Sunday, March 22, 2015

Nymphomaniac (Vol 2) -- further thoughts

There is a famous movie, made in 1989 for BBC TV, called Elephant.  The film, shot like a documentary, shows 18 murders committed during the fighting in Belfast, Northern Ireland.  The movie, directed by Alan Clarke, is based on actual police reports and the murders are staged as a series of Steadi-cam tracking shots, each culminating in a killing.  Neither the gunmen, nor the victims, are identified in any meaningful way and there is no plot and no back-story -- we see no motivation for the killings and the film offers no explanation for anything that we are shown.  (Elephant has been widely influential -- Gus van Sant appropriated the name for his 2003 documentary-like reconstruction of Columbine massacre; the recent film, '71 also mostly shot with a handheld Steadi-cam stages several sequences in a way that mirrors the earlier picture on the Irish "troubles").  The film's point seems to be that the act of killing may become prosaic, repetitive, and completely meaningless in certain contexts.  All of the graphic sex in von Trier's Nymphomaniac films is desensitizing (both figurative as well as literally for the title character), and the procession of sex scenes with anonymous men and groups of men is clinically portrayed as prosaic and meaningless as the killings in Elephant.  The problem exhibited by von Trier is that his enormous film doesn't have the courage of its own convictions.  The director attenuates his focus on the heroine's sexual pathology by trying to make the film about other things -- Fibonacci sequences illustrated in terms of the number of penile thrusts, the theology of the Eastern Orthodox Church, botany, fly-fishing, the racking action of an automatic hand-gun.  The movie's digressions ultimately seem desperate -- mere sex is not enough and von Trier wants the movie to be about something other than mere sex and a nymphomaniac.  Part of the problem, I suppose, is the picture's sheer and obsessive length.  A courageous study of Jo's life would require us to look at a meaningless and completely fungible series of sex acts, recognize that Jo derives enormous pleasure from those acts, and, simply, leave the audience with an enigma, an insoluble problem in psychology.  "I am a nymphomaniac," Jo declares, refusing to use the de riguer term, "sex addict." proposed by the therapist leading a polite and homely group of chubby nymphomaniacs.  With this expression, followed by von Trier in the title of his film (except his orthography shows the "o" as ()...), Jo seems to suggest that she is sacred and monstrous, a figure from classical mythology, something from an archaic, ancient, and radically irrational world.  But von Trier keeps lassoing her and dragging his nymphomaniac back into his 18th century universe of explanations, theories, and concepts.  In part, this tendency arises from Lars von Trier's very close identification with Jo.  At one point, Jo expresses sympathy for Hitler.  At Cannes in the course of an ill-advised press conference after a showing of his Melancholia, von Trier, who likes to shock people, said that he identified with Hitler.  Predictable outrage followed.  Seligman is similarly appalled:  censoriously, he notes that the heroine is a nymphomaniac who has shown sympathy for pedophiles, suggested that abortion is an evil, and, now, endorsed Hitler.  Pursing his lips, Seligman (Stellan Skarsgaard) says:  "Well, I suppose it had to happen."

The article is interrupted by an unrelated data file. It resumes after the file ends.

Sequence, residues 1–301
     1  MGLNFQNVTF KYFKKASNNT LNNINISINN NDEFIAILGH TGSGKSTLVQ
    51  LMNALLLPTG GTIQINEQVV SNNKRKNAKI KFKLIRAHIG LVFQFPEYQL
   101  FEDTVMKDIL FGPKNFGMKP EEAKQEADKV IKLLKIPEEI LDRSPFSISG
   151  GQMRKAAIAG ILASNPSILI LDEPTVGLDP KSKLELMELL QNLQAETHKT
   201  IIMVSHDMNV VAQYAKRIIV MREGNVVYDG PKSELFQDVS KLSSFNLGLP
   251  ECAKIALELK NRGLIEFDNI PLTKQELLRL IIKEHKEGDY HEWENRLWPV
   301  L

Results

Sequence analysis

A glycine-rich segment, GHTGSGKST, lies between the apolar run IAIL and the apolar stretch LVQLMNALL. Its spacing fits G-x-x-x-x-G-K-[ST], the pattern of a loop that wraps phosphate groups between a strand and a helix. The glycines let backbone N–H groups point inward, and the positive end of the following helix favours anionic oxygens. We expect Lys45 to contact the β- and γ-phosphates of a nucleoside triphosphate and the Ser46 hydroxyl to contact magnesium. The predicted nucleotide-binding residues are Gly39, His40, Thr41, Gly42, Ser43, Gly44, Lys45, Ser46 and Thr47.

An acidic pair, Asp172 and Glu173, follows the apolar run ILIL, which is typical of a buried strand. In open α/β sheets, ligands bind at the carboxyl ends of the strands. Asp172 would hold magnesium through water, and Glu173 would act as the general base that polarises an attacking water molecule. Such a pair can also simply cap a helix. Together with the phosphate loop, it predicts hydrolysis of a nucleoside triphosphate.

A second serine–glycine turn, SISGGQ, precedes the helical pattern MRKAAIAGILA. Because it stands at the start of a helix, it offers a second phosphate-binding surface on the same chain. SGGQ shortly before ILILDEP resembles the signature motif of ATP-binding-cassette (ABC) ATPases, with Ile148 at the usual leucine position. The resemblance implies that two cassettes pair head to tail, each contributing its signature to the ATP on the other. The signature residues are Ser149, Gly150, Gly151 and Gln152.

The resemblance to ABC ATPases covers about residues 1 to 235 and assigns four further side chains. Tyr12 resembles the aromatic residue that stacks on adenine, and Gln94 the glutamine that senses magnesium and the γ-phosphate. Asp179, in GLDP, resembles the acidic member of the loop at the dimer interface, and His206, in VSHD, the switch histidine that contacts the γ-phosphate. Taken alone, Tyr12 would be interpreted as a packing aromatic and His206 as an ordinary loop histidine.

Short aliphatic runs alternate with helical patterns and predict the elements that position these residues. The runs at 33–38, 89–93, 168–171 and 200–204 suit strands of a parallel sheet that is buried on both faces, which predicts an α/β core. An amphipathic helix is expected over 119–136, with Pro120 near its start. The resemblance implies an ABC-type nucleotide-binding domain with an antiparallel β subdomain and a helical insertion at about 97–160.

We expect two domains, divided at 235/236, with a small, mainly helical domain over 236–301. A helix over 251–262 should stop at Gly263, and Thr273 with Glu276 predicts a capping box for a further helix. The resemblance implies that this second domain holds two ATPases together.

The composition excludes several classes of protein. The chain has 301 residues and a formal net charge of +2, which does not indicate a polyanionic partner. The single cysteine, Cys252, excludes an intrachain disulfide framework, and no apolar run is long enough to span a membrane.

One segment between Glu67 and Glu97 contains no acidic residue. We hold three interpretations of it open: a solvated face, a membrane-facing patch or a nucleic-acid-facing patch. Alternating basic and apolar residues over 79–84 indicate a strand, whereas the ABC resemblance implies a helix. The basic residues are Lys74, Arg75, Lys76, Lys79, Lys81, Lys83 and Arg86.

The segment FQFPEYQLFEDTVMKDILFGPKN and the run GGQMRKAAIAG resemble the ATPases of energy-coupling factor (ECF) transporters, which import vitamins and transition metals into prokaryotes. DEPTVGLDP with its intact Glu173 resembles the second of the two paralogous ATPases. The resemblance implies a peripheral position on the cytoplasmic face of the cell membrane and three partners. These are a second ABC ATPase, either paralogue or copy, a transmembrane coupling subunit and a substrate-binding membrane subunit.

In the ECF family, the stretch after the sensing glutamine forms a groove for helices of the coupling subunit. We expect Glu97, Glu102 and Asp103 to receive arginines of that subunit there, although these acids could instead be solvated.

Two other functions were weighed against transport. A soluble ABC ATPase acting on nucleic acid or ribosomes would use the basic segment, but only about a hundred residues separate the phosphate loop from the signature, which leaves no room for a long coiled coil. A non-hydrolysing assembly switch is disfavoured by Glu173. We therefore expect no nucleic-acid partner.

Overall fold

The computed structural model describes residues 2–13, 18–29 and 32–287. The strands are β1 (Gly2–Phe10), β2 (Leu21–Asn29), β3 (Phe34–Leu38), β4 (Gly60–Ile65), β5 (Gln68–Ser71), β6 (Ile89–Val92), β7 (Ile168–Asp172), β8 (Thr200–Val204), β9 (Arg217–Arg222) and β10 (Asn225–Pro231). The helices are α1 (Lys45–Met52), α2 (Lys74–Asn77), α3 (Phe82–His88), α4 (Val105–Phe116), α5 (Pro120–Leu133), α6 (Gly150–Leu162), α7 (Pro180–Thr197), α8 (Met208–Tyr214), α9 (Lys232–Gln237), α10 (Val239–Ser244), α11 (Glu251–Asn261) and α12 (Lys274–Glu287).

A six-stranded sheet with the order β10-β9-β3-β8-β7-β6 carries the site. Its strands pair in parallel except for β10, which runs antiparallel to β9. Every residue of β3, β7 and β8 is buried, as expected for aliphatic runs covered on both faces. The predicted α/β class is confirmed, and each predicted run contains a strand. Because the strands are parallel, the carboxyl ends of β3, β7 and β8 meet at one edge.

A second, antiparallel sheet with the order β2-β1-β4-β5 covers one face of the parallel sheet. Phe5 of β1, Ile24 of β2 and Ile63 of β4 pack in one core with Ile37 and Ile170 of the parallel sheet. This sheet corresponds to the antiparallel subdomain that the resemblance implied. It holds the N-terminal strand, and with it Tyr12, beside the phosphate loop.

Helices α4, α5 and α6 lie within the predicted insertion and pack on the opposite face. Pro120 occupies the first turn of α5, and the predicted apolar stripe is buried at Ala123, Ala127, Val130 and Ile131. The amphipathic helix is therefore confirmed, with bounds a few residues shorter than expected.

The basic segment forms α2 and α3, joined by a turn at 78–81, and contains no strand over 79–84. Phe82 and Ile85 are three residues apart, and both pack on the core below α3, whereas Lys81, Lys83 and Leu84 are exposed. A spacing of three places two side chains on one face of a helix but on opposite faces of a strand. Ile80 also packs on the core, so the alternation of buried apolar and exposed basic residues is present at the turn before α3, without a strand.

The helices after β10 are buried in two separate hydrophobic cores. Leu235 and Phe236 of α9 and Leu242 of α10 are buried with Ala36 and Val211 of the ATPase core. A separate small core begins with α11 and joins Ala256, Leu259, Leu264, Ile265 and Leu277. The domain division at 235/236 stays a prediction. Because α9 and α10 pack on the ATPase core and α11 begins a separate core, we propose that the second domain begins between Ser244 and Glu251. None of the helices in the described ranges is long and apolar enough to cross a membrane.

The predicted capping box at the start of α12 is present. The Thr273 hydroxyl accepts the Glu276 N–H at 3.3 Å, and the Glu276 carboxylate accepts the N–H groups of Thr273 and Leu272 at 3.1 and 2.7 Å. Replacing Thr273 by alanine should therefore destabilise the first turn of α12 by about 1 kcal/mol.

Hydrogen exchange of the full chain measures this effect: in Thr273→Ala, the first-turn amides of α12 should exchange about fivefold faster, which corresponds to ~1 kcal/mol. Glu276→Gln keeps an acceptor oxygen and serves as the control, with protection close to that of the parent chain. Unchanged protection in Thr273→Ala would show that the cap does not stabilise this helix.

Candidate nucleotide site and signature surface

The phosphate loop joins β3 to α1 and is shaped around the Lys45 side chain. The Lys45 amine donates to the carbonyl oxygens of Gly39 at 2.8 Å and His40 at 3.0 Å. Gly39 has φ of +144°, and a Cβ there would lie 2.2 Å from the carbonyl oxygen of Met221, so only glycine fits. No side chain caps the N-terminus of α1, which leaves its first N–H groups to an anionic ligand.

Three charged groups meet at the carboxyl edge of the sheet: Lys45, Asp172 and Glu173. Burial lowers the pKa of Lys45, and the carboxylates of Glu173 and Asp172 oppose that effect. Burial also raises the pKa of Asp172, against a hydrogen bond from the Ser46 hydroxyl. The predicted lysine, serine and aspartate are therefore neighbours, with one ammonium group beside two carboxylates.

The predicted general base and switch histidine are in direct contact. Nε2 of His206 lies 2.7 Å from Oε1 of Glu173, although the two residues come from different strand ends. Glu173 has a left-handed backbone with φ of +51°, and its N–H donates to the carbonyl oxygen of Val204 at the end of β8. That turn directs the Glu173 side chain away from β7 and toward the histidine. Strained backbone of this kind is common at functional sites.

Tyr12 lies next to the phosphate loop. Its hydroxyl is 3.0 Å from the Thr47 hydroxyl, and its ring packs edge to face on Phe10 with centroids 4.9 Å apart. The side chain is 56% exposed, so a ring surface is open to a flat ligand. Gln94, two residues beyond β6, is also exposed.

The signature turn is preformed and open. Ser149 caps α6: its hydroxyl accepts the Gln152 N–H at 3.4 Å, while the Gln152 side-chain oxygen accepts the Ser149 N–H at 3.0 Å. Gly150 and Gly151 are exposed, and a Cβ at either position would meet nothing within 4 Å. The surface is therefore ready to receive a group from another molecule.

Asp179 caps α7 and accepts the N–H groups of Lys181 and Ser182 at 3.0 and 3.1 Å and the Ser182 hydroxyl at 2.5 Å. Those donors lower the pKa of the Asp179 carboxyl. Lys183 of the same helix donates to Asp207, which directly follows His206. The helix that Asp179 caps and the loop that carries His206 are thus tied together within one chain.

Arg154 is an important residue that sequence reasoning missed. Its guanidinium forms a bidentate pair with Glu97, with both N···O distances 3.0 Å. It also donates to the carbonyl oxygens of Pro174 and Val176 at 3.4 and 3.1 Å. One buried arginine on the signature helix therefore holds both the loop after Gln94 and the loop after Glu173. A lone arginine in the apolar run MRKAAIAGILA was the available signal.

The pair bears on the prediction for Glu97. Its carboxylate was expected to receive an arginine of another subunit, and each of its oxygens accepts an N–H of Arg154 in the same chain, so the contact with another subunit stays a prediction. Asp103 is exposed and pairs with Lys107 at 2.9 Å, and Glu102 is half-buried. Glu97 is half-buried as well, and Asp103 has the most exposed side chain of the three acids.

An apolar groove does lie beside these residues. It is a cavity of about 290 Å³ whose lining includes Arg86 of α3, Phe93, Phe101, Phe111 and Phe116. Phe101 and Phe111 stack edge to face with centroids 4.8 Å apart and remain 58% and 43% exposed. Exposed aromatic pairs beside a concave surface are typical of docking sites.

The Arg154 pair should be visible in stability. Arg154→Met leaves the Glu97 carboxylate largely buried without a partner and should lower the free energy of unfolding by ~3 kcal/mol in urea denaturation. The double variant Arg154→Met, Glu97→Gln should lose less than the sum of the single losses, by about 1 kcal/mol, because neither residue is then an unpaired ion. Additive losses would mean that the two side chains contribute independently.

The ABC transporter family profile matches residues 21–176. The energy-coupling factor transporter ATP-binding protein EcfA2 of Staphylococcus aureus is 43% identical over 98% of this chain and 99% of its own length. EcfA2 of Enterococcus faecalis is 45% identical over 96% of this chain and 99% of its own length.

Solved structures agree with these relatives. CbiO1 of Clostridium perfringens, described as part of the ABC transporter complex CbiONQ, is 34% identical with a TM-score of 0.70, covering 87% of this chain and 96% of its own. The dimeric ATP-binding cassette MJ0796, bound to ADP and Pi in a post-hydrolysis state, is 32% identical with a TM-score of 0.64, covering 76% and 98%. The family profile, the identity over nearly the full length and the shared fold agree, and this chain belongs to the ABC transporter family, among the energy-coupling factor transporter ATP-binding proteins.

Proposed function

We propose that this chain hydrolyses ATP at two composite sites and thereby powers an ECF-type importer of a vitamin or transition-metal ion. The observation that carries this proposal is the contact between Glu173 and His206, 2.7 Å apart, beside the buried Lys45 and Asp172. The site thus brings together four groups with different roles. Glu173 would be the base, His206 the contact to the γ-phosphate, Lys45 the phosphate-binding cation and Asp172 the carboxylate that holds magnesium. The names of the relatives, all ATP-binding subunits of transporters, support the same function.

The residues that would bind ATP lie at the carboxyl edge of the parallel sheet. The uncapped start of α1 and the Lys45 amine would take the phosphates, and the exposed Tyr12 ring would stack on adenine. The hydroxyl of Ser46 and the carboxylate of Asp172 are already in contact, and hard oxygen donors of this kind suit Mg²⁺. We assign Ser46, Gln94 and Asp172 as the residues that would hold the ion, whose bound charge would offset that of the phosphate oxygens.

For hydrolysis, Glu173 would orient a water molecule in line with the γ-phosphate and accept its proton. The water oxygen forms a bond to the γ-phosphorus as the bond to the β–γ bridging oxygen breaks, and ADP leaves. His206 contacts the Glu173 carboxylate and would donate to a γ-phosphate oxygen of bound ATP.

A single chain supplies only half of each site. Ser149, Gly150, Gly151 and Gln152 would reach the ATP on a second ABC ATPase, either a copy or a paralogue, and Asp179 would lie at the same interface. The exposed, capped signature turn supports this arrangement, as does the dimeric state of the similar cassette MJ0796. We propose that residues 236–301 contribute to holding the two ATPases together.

In some ways, von Trier is bracingly honest.  He doesn't try to create any childhood trauma to explicate Jo's conduct -- in fact, he takes pains to show that she had a happy childhood and close, loving, and normal relationship with her father.  The only explanation for Jo's nymphomania is that she enjoys sex more than most people and is willing to sacrifice everything, husband, child, job, even her personal safety, for the sensation of orgasm.  This seems true in its way and convincing -- her conduct is a matter of a cold and logical economy:  if you like sex more than anything else, you will act in the manner that Jo acts.  If the film were built on this hypothesis, it would simply follow the model of Clarke's Elephant, one sex scene after another until the time allotted for the film (or its budget) runs out.  (A moralizing version of the Elephant scenario is Pabst's 1929 Pandora's Box -- in that film, the nymphomaniac heroine, Lulu, jumps from bed to bed until she encounters Jack the Ripper who brings her adventures to an end in a London alley.  Pabst is similarly clear-sighted about his heroine, but the constraints of his source material, Wedekind's late Victorian play contaminated by late Victorian morality, compel him to a tendentious ending for poor Lulu.)  Lars von Trier is fundamentally a moralist, however, and so he has to punish his heroine; her chastening "plots" a situation that is fundamentally "plotless".  First, he imposes genital numbness on her.  Then, he makes her into a masochist who has to be beaten bloody to experience any sensation; the relationship with the sadist is like something out of science fiction -- it makes no narrative sense at all.  Finally, he urges her into a love affair -- love defined by von Trier is "the combination of lust and jealousy" -- that results in Jo's horrific humiliation and betrayal.  In a bow to Pabst's Pandora's Box, Jo's is humiliated by her faithless lover, beaten half to death, and pissed-on, in a narrow, slit-like alley, exactly the location where Lulu is disemboweled in the German film.  In von Trier's imagination, sex is always accompanied by the specter of death, but, more importantly, by humiliation.  At its core, von Trier's problem is that his material is episodic and open-ended -- in principle, Jo can simply go from lover to lover forever.  But von Trier has to design an ending for the film.  So he brings in Willem Defoe to seduce Jo into working as a thuggish debt collector, a plot development that makes no sense of any kind -- indeed, at one point, Jo denounces her own narrative saying that this part of the story seems designed to "create one of those coincidences that you (referring to the rational Seligman) find so disconcerting and questionable."  This part of the movie is inflected with film noir notes -- a movie about sex becomes a film about violence, and, in fact, gangland violence.  This seems farfetched and dishonest and, worst of all , completely arbitrary.  Further, von Trier feels that he needs to portray Jo's soul in a definitive emblem.  And, so, he stages a scene in which the heroine climbs a tall rock to see a ancient, gnarled tree, tattered by the wind, clinging to a crevasse in an ugly black turret of crumbling, weather-beaten stone.  The scene is impressive but the emblem seems too reductive -- and, of course, one must ask this question:  in this carnival of sex and flesh, what makes us believe there is such a thing as the soul?  At the end of the film, the asexual Seligman has become aroused.  He approaches the sleeping, battered Jo and, exposing her buttocks, gropes for her.  The screen goes black and there is the sound of a gun firing and, then, after an interval, some other noise that I was unable to interpret but that is probably deeply significant.  In his customary way, von Trier has equated sex with death.  But Seligman's arousal is inconsistent with what we've been shown.  Indeed, upon recounting her life story, Jo renounces sex entirely and says that she will become like Seligman, an asexual being.  There's nothing in Jo's story that would lead a reasonable liberal man, the voice of reason and tolerance, to become like her -- if anything, the tale would lead to Jo's conclusion, that is, that sex is wholly meaningless and should be renounced.  So Seligman's attempted rape, although it brings the film to a conclusion that an alert viewer might have guessed three hours earlier, falsifies the rest of the film; it's not supported by the evidence that we have seen.  But von Trier needs an ending, and a movie in which a gun is introduced, requires that the gun be discharged at the climax, and so he contrives a denouement to material that doesn't intrinsically require an ending and, that, indeed, is inconsistent with the very concept of an ending.  Not all works of art need to "end"; reality doesn't admit the notion of "endings" -- things just go on and on until we become exhausted and look away or until some other force requires that we close our eyes.